If it chooses instead to bet on automated (or “top-down”) discovery, Instagram-Facebook (Social) will target potential new customers surprisingly well. And the business will acquire those relationships directly (for whatever they may be worth). However, it will pay dearly for the luxury, to the point of rendering the model unsustainable unless its entire cost structure has been designed to absorb the toll’s variable impact.
As an additional caveat, automated discovery requires the sort of cross-site tracking and individual profiling practices that have gained platforms (and some advertisers) a terrible reputation and multiple regulatory challenges. Are such practices (eg., lookalike audiences requiring an upload of current customer lists) consistent with the declared social mission of the DTC in a world in which privacy and sustainability go hand in hand? Even worse, are these small players willing to risk a hefty fine?
Things look different when profiling and automation are replaced with bottom-up discovery, or so-called Influencer Marketing. These bets on sponsored “Second Moments of Truth” (resulting from the shared experience of a previous buyer) are a growing piece of both the Social and Entertainment puzzles. They do not require profiling or targeting, as it is potential customers who choose to follow a particular individual.
Needless to say, betting on declared intent (via Search) or brand awareness (via Social or Entertainment) are also available options subject to the same laws of supply and demand, their destiny firmly in the hands of the established gatekeepers. If only, individual profiling is not required for them to work, although a deep integration with onsite analytics (requiring intrusive cookies and valid consent) will be strongly encouraged by Google and other platforms.
All this said, it is clear that DTC brands come in many flavors, catering to different needs or appealing to different emotions. Extra points are always available to those who show a better understanding of their own value proposition.
But I digress, and here’s my point: There is no escape from the attention bottleneck, or safe passage through the four entry points that conform it. The house always wins.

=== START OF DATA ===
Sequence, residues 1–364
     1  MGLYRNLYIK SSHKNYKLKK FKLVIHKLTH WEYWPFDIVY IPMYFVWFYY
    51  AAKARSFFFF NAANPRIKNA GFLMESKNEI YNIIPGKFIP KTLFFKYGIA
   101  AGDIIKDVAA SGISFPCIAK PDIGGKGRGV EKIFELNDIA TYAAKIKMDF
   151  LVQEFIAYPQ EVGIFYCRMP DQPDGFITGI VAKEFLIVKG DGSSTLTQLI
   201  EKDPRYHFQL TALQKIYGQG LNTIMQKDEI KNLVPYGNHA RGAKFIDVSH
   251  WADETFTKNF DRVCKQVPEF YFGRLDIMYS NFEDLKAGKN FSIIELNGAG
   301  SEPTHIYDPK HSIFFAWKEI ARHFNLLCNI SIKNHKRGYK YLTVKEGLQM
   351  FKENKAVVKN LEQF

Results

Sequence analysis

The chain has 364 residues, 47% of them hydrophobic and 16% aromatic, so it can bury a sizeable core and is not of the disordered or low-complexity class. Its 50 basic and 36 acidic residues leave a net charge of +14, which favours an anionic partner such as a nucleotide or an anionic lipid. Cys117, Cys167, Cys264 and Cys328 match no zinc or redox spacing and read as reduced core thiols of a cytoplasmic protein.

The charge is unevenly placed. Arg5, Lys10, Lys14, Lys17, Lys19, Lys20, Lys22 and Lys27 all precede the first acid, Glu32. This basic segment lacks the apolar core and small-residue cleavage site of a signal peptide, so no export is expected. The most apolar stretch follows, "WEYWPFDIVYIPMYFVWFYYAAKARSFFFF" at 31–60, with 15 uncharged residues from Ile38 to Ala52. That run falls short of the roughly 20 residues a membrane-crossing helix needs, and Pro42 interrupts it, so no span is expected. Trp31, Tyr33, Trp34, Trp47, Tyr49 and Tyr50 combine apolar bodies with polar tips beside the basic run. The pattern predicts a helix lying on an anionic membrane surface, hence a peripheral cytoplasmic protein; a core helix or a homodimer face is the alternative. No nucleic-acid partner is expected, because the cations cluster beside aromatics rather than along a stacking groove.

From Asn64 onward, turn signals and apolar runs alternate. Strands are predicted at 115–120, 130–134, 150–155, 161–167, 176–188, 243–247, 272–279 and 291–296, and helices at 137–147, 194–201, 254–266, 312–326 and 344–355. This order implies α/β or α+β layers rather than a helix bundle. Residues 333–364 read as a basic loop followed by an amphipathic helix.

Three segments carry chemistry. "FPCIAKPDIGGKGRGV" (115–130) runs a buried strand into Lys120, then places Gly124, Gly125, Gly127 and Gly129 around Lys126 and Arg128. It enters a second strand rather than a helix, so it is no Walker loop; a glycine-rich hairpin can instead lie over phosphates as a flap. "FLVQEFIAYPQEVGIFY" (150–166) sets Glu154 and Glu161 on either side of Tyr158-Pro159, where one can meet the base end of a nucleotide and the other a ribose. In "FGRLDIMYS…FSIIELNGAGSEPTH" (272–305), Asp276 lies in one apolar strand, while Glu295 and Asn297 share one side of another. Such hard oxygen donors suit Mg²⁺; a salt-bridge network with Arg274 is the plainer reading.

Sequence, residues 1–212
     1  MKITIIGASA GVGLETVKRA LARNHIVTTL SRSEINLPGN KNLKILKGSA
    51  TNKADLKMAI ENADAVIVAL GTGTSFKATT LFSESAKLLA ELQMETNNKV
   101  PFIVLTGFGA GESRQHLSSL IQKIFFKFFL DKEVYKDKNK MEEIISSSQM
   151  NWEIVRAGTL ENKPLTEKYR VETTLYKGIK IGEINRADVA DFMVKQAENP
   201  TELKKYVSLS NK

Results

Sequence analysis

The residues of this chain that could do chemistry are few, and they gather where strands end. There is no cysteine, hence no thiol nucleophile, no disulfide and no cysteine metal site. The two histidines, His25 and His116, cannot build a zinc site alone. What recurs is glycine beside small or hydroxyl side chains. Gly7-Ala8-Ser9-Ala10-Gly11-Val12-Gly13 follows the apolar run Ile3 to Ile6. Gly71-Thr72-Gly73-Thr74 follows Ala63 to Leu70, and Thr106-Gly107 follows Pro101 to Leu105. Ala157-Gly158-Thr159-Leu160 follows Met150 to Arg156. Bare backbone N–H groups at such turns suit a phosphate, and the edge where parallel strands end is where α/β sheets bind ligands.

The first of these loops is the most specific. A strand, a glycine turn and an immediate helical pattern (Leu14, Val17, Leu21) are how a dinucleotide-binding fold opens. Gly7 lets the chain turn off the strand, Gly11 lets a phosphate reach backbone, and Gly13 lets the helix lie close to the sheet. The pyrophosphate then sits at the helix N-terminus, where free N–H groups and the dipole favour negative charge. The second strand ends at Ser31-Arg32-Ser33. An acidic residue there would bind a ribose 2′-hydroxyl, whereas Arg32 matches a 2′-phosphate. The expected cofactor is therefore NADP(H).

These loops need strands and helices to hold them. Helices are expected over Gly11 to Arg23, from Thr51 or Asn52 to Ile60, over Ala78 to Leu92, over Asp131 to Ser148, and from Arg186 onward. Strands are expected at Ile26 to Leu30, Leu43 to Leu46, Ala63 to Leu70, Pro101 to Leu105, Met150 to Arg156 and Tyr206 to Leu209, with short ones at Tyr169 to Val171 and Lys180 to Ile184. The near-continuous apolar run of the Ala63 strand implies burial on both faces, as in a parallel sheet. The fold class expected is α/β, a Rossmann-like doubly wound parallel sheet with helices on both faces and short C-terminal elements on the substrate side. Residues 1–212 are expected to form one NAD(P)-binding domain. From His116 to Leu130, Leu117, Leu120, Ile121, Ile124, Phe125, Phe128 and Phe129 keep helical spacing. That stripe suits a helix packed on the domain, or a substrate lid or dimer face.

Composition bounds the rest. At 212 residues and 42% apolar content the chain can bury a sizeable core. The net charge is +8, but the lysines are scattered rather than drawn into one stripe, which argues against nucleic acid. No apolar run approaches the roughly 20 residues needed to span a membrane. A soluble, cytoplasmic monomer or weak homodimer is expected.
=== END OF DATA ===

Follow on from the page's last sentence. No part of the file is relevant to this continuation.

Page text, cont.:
I do believe that there is a way around it, though.
Faced with an attention bottleneck, DTC brands should probably look for acquisition channels that do not require attention. This is the case with subscriptions and delegated purchases (or personal shopping services), which we could call “Autopilot” channels. Both of them are also highly intertwined.
Subscriptions establish a direct connection between a recurrent need and a source of payment. No efforts are required in terms of attention, discovery, consideration, intent, availability, or shared experiences. As I recently argued, most products can and will become subscriptions. Of course, platforms controlling the attention bottleneck are guaranteed to take a large enough cut of the margins to ensure that they remain the primary beneficiaries of the business’s success.
But that is where delegated purchases enter the stage. As the purest manifestation of Zero-Party Data or the customer’s control over her own preferences, choices, and data, tools for the automation of discovery and procurement tasks turn the DTC game upside down. While individuals spend little time in product searches or comparison sites for (mostly) rational purchases -well identified needs-, their “personal shopping assistants” -automated or human- will fetch the best choices in the market, and will ensure that existing subscriptions remain the most competitive for the stated preferences.
In anticipation of this new reality, DTC brands will need to both rebuild their business models around subscription services, and make their offerings visible (and available) to delegated shopping networks.
Will they all be able to find the ROI that the attention bottleneck has so far denied them? Probably not: Highly competitive spaces will always result in squeezed margins.